Stories of how movies get made are as varied as the movies themselves. For Tyler Nilson and Michael Schwartz, two first-time writers/directors, the story of their debut feature goes back 13–14 years to an apartment building along the Santa Monica beach where the two were neighbors.
“I had just ridden my bike across the country, and I was like: ‘I want to make movies,” Schwartz says.
Commercials really. Nilson had a similar goal, but his interest was in surf films and acting. Neither dreamed of feature films, but both liked working with each other.
Fast-forward five years, and the two met Zack Gottsagen, a “person with Down syndrome,” to use Gottsagen’s parlance, at a camp for people with and without disabilities.
“He had been acting his whole life and wanted to be a movie star,” Schwartz says. “It was his idea to make this film.”
That film, The Peanut Butter Falcon, stars Gottsagen as Zak, an escapee from his North Carolina nursing home. Wanting to be a professional wrestler, Zak gives his caretaker (Dakota Johnson) the slip, searches for The Salt Water Redneck (Thomas Haden Church) for lessons, and crosses paths with Tyler (Shia LaBeouf), a down-on-his-luck fisherman.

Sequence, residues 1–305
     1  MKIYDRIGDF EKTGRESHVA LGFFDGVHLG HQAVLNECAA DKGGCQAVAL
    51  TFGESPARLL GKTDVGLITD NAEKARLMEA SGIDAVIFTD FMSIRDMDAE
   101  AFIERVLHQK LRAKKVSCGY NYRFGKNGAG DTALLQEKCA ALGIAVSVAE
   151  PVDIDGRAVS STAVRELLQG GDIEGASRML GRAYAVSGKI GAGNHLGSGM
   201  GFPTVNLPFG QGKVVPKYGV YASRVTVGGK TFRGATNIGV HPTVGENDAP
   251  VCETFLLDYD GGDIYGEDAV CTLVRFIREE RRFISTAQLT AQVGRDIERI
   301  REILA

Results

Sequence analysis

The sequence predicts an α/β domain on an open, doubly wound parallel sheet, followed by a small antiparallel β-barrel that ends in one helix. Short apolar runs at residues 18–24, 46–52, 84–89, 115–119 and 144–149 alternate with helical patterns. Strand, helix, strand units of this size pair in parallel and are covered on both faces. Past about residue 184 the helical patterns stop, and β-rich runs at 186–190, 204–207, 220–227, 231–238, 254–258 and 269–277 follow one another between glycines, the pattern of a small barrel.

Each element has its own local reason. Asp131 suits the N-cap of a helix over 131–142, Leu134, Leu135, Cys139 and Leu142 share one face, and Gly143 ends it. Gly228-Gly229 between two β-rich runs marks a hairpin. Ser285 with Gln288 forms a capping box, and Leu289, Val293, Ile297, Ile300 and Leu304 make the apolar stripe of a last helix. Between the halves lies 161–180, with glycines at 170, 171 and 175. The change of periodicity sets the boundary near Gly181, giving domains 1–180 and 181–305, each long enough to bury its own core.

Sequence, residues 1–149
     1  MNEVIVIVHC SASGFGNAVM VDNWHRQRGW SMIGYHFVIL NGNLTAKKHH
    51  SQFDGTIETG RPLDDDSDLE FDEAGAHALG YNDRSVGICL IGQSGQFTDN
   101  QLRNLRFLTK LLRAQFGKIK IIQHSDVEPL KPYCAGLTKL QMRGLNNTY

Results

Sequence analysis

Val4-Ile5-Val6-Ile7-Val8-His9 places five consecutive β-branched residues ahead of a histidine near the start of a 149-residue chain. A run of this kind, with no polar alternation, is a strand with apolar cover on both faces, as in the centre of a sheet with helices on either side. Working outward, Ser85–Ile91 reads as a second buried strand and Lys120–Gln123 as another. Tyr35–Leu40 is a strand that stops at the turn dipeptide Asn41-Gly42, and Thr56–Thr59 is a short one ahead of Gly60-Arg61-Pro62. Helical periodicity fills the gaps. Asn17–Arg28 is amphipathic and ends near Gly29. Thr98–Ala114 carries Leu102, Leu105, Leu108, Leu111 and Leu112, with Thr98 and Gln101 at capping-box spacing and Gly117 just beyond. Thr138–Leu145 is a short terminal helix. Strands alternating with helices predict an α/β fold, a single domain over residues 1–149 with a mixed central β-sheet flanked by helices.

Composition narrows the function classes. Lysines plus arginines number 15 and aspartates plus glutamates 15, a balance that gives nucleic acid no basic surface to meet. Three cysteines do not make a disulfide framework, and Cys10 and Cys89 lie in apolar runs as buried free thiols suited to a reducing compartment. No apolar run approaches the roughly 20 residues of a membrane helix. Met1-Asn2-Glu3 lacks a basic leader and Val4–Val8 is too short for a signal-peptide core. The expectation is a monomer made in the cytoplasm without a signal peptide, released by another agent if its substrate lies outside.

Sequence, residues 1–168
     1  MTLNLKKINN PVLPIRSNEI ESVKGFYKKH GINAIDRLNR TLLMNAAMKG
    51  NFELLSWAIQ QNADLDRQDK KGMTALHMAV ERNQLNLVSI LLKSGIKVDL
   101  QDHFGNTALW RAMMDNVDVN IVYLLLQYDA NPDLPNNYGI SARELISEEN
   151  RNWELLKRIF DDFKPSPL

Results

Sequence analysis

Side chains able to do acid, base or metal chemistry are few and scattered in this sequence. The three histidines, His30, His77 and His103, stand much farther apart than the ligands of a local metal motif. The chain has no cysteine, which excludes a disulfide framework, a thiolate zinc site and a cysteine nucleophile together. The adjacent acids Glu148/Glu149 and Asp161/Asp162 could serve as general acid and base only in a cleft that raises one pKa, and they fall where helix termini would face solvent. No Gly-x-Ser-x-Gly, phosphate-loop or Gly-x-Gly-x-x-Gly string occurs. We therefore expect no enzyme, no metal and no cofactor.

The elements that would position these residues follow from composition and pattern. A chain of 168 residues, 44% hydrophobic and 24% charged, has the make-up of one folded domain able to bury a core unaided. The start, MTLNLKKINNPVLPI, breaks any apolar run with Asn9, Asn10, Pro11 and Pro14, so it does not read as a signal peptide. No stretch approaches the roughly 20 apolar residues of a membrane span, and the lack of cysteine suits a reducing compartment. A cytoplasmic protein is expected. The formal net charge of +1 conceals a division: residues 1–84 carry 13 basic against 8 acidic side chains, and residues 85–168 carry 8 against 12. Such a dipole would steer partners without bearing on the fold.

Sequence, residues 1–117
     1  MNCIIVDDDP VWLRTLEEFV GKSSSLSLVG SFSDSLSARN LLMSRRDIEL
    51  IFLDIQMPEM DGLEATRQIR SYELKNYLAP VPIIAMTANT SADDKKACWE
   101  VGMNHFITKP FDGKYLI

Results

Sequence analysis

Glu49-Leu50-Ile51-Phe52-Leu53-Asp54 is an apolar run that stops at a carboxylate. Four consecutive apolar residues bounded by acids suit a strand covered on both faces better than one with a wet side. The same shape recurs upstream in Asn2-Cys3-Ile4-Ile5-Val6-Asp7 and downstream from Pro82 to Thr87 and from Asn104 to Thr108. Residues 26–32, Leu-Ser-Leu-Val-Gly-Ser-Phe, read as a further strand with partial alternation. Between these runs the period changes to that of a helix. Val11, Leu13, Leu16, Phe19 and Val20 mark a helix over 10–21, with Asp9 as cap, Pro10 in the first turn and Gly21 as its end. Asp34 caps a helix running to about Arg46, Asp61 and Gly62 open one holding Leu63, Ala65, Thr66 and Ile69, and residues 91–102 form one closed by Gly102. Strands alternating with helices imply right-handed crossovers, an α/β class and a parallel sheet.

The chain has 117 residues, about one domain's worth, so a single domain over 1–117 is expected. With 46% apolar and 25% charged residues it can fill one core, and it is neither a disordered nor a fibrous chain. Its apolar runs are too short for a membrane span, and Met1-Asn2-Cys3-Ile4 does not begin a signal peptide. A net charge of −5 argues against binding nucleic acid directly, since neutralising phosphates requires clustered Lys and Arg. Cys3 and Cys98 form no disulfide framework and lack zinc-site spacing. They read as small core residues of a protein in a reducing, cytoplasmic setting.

Winner of the audience award at 2019’s South by Southwest Film Festival, The Peanut Butter Falcon, is a feel-good story wrapped around a Mark Twain yarn. Nilson uses the word “sweet” to describe both Gottsagen in real life and his character. Schwartz focuses on the film’s tone, which is honest and authentic.
But eight years ago, Nilson and Schwartz didn’t have anything more than Gottsagen and an idea. Thanks to a trip to the library, the two became self-taught writers. But without industry connections, they were still dead in the water.
“We’re nobodies, man,” Nilson says with sincerity. “I was living in a tent. I was homeless at the time. We had a script that we knew, in our hearts, was really good. But other than that, we had nothing. Truly nothing.”
Then, in late 2015, actor Josh Brolin posted on Instagram that his New Year’s resolution was to help people. So, Nilson and Schwartz sent him their script, and Brolin got the ball rolling. Before they knew it, Nilson and Schwartz had producers and actors ready to join their maiden voyage and work alongside Gottsagen.
“He’s incredibly present,” Schwartz explains, pointing out that most of Zak’s dialogue comes courtesy of Gottsagen.
“We knew he was talented,” Nilson says, “and we had to cleave out a way to show the world his talent.”
“He has his own sort of charisma,” Schwartz adds. “The actors really responded well and instantly became friends off-camera.”
Watching Gottsagen on camera, it would be hard not to.